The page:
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Showing posts from January, 2012

Hospital Admissions for Major Cardiovascular Events and Procedures Among People With and Without Diabetes

Although recent years have seen reduction in mortality and other events associated with coronary heart disease, we don't know if people with and without diabetes have benefited equally. In a paper published recently in Diabetes Care, Eszter Vamos and colleagues from the Department of Primary Care & Public Health at Imperial College London compared recent trends in hospital admission rates for angina, acute myocardial infarction (AMI), stroke, percutaneous coronary intervention (PCI), and coronary artery bypass graft (CABG) among people with and without diabetes in England.

The found that in people with diabetes, admission rates for angina, AMI, and CABG decreased significantly by 5% , 5%, and 3% per year, respectively. Admission rates for stroke did not significantly change but increased for PCI in people with diabetes. People with and without diabetes experienced similar proportional changes for all outcomes, with no significant differences in trends between these groups. Ho…

After-hours primary care

The provision of after-hours primary care in the USA was discussed in a number of articles and letters published recently in the Annals of Internal Medicine. In a response to the articles. I discussed the relevance to the USA of England's experience in providing after-hours primary care. Many of the innovations recommended by by the authors of one of the articles in the Annals of Internal Medicine for the provision of after-hours primary care in the U.S. health care system are already present in England's NHS. These innovations are aimed at improving the care of people with emergencies and reducing pressures on emergency departments.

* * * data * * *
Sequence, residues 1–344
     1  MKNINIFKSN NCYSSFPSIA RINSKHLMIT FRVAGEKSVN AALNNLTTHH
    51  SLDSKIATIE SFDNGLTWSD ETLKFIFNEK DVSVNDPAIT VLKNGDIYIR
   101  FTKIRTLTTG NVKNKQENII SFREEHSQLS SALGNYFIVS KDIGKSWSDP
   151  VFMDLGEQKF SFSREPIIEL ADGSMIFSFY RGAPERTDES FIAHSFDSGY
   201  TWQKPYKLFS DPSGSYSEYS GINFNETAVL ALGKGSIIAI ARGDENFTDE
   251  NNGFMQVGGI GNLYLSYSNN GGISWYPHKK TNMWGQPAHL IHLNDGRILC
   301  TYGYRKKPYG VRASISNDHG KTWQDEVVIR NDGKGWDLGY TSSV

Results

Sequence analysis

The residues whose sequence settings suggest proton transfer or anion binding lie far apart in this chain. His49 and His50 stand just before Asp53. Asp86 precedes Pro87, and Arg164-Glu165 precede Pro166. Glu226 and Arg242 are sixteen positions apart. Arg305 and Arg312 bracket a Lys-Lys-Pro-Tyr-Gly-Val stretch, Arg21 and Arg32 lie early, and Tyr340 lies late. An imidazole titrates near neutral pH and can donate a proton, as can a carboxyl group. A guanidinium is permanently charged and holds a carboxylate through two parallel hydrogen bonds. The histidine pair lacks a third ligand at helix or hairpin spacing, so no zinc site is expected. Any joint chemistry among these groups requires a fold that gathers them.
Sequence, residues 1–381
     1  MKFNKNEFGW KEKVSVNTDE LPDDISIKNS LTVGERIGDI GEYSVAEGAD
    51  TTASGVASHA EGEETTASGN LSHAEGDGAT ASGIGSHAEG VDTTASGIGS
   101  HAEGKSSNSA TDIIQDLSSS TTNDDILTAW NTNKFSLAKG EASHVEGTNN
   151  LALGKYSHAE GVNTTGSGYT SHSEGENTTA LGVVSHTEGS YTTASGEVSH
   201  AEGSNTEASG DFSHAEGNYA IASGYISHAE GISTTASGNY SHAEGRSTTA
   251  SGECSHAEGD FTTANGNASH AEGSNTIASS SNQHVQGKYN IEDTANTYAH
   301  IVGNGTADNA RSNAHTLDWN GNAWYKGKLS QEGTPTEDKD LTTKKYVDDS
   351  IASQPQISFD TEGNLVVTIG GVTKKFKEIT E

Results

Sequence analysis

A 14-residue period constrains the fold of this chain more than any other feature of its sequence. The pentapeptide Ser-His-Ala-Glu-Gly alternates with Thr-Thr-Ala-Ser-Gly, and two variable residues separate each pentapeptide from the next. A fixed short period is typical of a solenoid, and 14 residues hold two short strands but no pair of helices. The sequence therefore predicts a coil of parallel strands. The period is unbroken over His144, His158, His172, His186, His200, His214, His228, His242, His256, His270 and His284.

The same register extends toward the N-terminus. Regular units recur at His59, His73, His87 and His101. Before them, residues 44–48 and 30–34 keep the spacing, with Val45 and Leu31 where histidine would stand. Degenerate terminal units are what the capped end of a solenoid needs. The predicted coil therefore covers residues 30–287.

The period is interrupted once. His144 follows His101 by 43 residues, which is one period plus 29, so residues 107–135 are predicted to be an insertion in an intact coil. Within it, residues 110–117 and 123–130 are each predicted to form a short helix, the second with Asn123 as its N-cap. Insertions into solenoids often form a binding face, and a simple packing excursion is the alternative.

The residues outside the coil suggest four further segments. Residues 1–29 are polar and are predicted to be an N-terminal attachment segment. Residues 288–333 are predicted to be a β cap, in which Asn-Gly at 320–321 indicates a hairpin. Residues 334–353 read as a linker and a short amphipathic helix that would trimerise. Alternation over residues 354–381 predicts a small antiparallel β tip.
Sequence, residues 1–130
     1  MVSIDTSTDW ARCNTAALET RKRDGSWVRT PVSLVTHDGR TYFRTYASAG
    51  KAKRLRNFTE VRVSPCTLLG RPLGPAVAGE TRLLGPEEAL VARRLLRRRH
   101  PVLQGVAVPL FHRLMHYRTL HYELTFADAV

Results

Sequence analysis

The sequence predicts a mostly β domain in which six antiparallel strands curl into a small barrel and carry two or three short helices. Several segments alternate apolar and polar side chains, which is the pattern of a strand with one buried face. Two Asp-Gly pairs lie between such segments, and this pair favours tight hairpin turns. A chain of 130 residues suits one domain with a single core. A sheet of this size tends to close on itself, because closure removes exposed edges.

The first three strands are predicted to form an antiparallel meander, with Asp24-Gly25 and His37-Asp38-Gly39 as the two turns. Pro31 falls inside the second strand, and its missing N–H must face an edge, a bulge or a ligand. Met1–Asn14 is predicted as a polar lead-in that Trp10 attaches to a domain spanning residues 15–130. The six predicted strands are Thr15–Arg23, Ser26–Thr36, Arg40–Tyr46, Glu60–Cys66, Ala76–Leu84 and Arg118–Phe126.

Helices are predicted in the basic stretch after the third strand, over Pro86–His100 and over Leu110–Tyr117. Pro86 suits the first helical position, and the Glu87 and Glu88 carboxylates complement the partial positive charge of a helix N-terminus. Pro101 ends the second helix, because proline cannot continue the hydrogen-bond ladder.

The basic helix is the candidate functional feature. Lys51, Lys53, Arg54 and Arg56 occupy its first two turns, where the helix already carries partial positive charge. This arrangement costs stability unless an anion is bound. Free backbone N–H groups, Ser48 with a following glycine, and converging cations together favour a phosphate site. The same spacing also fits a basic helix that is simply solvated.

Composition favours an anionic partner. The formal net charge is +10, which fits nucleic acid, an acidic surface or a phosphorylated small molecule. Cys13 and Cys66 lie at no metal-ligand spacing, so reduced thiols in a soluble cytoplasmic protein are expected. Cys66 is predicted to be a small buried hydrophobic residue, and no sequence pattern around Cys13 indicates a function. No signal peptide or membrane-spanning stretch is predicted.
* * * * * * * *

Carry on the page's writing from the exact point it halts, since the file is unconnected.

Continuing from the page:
For example, all residents of England have access to free after-hours primary care services from the NHS, either provided by their own primary care physician or by their local primary care trust. Despite the wide availability of primary care services and a readily accessible 24-hour helpline, patient attendance at emergency departments, urgent ca…

End-digit preference in blood pressure recording

End-digit preference (EDP) leads to clinicians recording specific end-digits (such as zero or five) more often than is expected by chance when measuring blood pressure. This can lead to inaccuracies in the monitoring of blood pressure and the effects of anti-hypertensive treatment. In a paper published recently in the International Journal of Clinical Practice, Alsanjari and colleagues examined trends in EDP over a 10 year period. They reported a decline in both blood pressure levels and EDP over the study period but also reported that around a quarter to a third of patients still have their BP recorded with a zero end digit. The authors conclude that blood pressure should be recorded using automated blood pressure monitoring devices to help to overcome the problem of EDP.